Additionally, exploring harmony as a soloist – and consciously getting away from “root based” thinking – can also serve to revolutionize the way you approach a melodic line.

Another thing that guitarists and pianists have in common is that they deeply explore chords and voicing on their instrument. And it’s not just “how to play a C-7?5 chord” but also how to use the voicing in a musical way while moving from the previous chord and to the next chord. Exploring chordal voicing on a bass can be a fantastic way to see things in a new light. I would learn some basic shapes first and get comfortable moving through changes but eventually, you’ll want to explore rootless voicing. No one said that every chord has to have a root in it!

There’s also voice-leading – the practice of moving through chord changes while only making slight adjustments to your voicing. For example, if you have an A-7 moving to a D7 chord, you can simply play a two note voicing which moves very little. G and C for the A-7, moving to F? and C for the D7 chord. One note moving a half-step and yet, you’ve played two chords for changes moving by a 4th!) This type of work can really help to evolve and shift your perspective – and melodic abilities)!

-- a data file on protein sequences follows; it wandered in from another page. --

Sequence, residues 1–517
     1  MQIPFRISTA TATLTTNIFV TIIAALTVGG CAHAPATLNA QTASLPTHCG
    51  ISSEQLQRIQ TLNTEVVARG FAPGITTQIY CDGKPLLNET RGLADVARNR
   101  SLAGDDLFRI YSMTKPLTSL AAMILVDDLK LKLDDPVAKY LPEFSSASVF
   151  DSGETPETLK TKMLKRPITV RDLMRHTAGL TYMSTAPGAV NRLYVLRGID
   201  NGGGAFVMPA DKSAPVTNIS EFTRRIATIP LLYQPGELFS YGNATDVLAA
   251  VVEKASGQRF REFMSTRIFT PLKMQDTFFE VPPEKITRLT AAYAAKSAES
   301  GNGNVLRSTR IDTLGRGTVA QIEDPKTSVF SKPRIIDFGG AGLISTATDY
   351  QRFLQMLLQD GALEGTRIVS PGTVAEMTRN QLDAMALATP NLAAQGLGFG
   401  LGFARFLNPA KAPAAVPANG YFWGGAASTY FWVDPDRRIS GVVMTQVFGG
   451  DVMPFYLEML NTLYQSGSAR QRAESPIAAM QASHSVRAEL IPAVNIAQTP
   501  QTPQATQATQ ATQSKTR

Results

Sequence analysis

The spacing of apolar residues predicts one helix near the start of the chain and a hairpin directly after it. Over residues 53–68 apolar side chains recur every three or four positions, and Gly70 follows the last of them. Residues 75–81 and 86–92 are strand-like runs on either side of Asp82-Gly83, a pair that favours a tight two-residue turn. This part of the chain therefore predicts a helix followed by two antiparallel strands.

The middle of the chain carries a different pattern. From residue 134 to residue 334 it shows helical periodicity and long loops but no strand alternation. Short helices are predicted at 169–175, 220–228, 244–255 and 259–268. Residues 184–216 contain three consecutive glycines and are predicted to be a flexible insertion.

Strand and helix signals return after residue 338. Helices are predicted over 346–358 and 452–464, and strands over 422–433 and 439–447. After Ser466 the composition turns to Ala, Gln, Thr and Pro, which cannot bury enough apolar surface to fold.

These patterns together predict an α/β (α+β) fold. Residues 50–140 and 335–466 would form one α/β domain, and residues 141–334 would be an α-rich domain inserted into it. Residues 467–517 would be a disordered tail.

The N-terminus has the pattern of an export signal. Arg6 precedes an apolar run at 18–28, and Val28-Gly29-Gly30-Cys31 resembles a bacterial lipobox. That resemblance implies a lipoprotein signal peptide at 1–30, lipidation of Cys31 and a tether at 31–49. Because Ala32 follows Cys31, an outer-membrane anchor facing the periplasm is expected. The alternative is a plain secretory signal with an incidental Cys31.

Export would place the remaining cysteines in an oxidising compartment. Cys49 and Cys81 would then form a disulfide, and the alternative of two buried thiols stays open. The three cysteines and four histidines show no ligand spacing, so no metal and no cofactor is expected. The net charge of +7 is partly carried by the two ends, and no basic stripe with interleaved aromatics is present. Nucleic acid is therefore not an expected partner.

Transcribe, transcribe, listen, practice, try things out, explore freely and with your ears wide open. You’ll find all sorts of interesting things on your journey.

Have a question for Damian Erskine? Send it to [email protected]. Check out Damian’s instructional books, Right Hand Drive and The Improviser’s Path.

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  1. I feel like I have another person inside me that wants to bust out and play bass till the windows blow out .But I’m stuck at a lowest level on my amp. and cant turn it up living in apartments.
    It drives me crazy when the lady below me bangs on the wall and I’m trying to be considerate as possible and practice at a level that will not bother anyone in the middle of the day, but it seems they have nothing else better to do but complain.
    My Peavey Minx Bass Amp. is set at one what else can I do to please these people.